blackmail press 33
Michelle Elvy
New Zealand

Tui Taonga 1-5 Penny Howard
Michelle Elvy lives and writes and edits in Northland. Her poetry and prose can be found in print and online journals including Poets & Artists, OCHO, Room, Metazen, BluePrint Review, Words With JAM and Ramshackle Review. She is the founding editor of Flash Frontier: An Adventure in Short Fiction and she also edits at Blue Five Notebook and A Baker’s Dozen. She is currently working on a collection of very short stories set in historical New Zealand, thanks to a 2012 NZSA Auckland Museum research grant. You can find Michelle most days at Glow Worm.


Here, you say, take it
even as the wind
whirls it away
I clench my fingers closed
roll the dandelion in
and hold you here

Mama, you say
I open my fingers
roll them out
                    toward you
and we watch the dandelion
whisper away
You place your hand in mine
your monkey grin your lion mane
flying in the wind

A fistful of love
here in my hand
enough for a lifetime
here in the palm of my hand


Old ornery , we call her,
crazy, possessed,
wild orange hair and wandering eye
Lives in the old wood shack, we guess
she must’ve been there

We play who could look the longest
without blinking,
coming home from school
most days I wind up flinching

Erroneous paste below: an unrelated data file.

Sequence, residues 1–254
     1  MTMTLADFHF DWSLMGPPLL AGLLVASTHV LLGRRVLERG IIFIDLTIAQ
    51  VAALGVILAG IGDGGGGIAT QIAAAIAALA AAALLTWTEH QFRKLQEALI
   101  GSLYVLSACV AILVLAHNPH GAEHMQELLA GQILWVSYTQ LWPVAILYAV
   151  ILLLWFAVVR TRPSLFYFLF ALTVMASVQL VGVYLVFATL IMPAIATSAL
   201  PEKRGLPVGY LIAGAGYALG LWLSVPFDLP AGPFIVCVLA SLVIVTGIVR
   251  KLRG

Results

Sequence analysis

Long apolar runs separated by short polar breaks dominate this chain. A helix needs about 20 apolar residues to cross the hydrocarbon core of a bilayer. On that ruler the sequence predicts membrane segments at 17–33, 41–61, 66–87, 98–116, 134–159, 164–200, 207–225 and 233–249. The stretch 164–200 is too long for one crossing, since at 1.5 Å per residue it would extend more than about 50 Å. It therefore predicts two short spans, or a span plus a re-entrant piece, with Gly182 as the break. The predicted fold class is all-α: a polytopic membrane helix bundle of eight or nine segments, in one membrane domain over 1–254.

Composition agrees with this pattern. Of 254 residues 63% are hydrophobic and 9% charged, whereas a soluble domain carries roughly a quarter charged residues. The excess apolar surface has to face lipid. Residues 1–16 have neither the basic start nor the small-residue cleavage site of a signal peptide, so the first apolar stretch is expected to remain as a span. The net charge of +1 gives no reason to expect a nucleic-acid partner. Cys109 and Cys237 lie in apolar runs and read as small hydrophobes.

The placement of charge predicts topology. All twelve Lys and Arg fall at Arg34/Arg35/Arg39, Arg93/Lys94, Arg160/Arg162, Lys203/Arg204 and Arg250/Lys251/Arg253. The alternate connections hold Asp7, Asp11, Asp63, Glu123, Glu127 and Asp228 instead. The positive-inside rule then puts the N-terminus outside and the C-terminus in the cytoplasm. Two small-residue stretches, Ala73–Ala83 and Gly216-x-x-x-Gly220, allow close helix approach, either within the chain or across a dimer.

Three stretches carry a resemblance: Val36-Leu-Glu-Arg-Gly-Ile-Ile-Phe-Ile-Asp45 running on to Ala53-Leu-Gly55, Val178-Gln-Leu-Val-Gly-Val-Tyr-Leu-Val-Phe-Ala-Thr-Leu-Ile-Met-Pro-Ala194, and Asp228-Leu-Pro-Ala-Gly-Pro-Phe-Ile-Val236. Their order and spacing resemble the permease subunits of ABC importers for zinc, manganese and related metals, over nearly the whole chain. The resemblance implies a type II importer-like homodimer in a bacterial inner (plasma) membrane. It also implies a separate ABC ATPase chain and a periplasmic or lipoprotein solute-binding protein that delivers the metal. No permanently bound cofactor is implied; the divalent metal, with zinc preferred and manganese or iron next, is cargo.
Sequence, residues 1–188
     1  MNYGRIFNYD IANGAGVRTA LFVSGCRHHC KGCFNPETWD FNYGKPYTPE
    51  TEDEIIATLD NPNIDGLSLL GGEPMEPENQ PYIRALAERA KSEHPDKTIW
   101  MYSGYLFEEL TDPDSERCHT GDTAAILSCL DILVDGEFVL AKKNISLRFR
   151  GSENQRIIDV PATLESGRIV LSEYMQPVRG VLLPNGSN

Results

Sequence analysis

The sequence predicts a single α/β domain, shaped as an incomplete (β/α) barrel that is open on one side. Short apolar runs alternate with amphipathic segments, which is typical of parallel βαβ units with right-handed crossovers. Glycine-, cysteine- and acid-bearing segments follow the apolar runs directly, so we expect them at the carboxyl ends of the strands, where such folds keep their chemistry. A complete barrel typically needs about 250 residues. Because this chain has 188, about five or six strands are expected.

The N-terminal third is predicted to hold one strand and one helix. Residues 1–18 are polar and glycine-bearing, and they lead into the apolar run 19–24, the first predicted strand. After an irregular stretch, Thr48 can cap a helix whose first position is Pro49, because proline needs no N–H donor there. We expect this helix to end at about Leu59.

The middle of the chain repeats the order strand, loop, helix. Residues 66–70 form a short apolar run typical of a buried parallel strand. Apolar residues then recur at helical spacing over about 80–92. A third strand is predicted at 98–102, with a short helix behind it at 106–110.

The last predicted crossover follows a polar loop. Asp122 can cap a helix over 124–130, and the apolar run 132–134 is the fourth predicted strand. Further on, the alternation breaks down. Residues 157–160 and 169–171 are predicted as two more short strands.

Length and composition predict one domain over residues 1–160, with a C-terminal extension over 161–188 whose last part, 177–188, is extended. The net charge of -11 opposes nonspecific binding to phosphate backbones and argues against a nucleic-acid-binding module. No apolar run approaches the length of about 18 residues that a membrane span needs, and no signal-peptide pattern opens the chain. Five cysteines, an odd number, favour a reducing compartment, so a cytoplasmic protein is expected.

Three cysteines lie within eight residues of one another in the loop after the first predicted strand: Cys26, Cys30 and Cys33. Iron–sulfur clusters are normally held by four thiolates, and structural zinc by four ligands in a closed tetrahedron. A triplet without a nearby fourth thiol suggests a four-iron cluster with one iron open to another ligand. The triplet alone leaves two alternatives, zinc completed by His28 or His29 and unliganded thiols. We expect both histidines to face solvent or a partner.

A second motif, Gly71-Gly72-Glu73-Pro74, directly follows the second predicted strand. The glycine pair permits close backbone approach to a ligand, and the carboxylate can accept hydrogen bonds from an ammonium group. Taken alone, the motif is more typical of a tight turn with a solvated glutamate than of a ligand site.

and Warren wins

But today I fall on the pavement
scrape my knee,
Hurry! Get home! Hurry!
salty tears, muddy hands, scared skinny me
hobbling past her shack

But wait! She’s waving now,
evil eye glowing, frank and knowing
Boy, where you going with that knee?
I want to hide as she beckons me inside
feel fear growing but her eye don’t move

Mothball house, bandaged knee and
not a word spoken.  She cuts watermelon
into small triangles and does not scold me
when the juice drips past my elbows , down, down,
pooling on her polished wooden table,
not once

Growing Up

Eat the whole apple
to the core
even past it,
seeds and all…
You’ll live forever, said Grandpa Ben
And I believed him when
I was ten

He was living proof  --
ate his apples to the core
and died when he was
I recall a lifetime of useful truths

chocolate is great but sex is better
Miles Davis’ Sketches of Spain will change your life


Your girl is always the best

So we ate our apples with great care,
my brother and me. But last year
he died at thirty-three, a bitter rotten
thing to swallow. And I wonder:
Grandpa maybe was a liar
after all

But I pour a whisky for my girl and me
on a midnight porch with nothing but fireflies
and the mournful meanderings of Miles
Davis.  And I know now, Grandpa Ben
didn’t lie, he just got the one
about apples wrong.